Ten U.S. Cooking Vacations

Praise for Elizabeth Berg‘s “Amalfi Coast: A Moveable Feast” feature in our April 2010 issue has been flowing in. Our readers have been made hungry by her account of heading solo to the coastal hill town of Positano to take a week’s worth of cooking classes with Cooking Vacations Italy and sample some of the region’s fresh and lovingly prepared fare (check out the delicious photo gallery from the story).

In fact-checking the piece, I thought that my mom and aunt would love to go on a trip like this, time and money willing. Not all of us have the days off or funds stashed to make such a journey overseas. But maybe, just maybe, we could swing a cooking vacation if we stayed here stateside.

To learn more about cooking vacations closer to home, I got in touch with David Loy, president and CEO of Epitourean, a tour operator that crafts cooking vacation packages in the U.S. Mr. Loy tells me that “culinary travel is new to the U.S.” and his company is always discovering new destinations as “you just never know where the ever-growing population of foodies will want to go.” Epitourean strives to mix hands-on experiential dining and tours of farmers market or wineries with farm-to-table food that’s indigenous to the region.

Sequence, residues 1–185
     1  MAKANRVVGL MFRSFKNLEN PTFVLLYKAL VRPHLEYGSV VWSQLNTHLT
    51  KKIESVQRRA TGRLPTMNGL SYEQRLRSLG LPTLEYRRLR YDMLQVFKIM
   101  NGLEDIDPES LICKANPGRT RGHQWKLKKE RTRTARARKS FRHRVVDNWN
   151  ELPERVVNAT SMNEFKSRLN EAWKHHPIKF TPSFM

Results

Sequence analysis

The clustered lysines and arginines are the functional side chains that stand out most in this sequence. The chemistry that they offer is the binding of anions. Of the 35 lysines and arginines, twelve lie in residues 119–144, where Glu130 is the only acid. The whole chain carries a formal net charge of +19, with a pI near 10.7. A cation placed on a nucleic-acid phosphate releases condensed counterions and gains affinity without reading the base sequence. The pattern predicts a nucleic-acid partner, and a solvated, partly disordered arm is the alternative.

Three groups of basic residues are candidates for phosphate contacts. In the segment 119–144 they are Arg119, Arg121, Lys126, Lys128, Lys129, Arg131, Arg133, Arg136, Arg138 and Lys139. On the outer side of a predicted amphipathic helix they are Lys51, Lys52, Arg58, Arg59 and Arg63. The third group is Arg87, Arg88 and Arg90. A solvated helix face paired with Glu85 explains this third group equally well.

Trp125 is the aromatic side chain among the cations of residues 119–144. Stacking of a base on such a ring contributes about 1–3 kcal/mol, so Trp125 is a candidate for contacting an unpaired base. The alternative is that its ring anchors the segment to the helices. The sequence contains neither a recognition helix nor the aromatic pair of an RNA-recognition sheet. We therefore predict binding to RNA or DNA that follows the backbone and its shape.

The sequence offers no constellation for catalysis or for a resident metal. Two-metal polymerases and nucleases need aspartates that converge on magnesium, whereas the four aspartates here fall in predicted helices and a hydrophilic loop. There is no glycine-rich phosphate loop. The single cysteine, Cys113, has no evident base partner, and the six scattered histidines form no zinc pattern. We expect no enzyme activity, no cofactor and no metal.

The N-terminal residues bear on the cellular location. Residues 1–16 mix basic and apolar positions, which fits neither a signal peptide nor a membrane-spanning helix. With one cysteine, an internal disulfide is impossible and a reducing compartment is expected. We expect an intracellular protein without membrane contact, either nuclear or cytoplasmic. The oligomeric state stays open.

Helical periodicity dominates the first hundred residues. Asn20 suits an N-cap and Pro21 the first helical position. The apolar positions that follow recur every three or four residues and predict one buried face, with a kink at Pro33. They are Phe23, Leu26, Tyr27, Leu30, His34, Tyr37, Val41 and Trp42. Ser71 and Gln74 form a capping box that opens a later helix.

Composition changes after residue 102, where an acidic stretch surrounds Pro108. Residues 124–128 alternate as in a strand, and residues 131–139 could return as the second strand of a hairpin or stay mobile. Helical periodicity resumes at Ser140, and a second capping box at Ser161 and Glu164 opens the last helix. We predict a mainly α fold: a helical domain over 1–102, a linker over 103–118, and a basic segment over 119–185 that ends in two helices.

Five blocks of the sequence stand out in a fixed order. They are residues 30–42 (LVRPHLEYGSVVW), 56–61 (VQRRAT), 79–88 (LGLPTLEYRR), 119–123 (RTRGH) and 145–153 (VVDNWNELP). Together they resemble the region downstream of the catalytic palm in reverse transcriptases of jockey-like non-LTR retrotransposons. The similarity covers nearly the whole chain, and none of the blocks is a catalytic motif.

For you foodies out there, I present Epitourean’s ten most popular culinary getaways in the U.S.A.:

Napa Valley, California: “No surprise there, ” Mr. Loy tells me. Trips include a winery and olive mill tour plus a stop at a farmers market.

Santa Fe, New Mexico: Spice up your Southwestern-style cooking, relax at a spa, and tour old Santa Fe.

New Orleans, Louisiana: Try your hand at Cajun and Creole cuisine and stay at a posh hotel in the French Quarter.

Charleston, South Carolina: Perfect eclectic Low Country cuisine and stay at an inn overlooking the city’s famous covered market.

Savannah, Georgia: Leave your diet at home as you cook and dine your way through the “Hostess City.”

Asheville, North Carolina: Take a hands-on cooking class with the Biltmore Estate’s executive chef.

Kennebunkport, Maine: Enjoy coastal Maine and cook a gourmet meal in your own cottage.

Camden, Maine: Sail Penobscot Bay and craft a five-course meal.

New York City: Dine at Mario Batali’s joint, tour Chelsea Market, and visit vintners on Long Island.

Washington, D.C.: Stop by Julia Child’s kitchen in the Smithsonian as inspiration for your CulinAerie cooking class.

Have you been on a cooking vacation in the U.S.? Which would you recommend?

Photo: Cooking class with Johnny Vee in Santa Fe, courtesy of Epitourean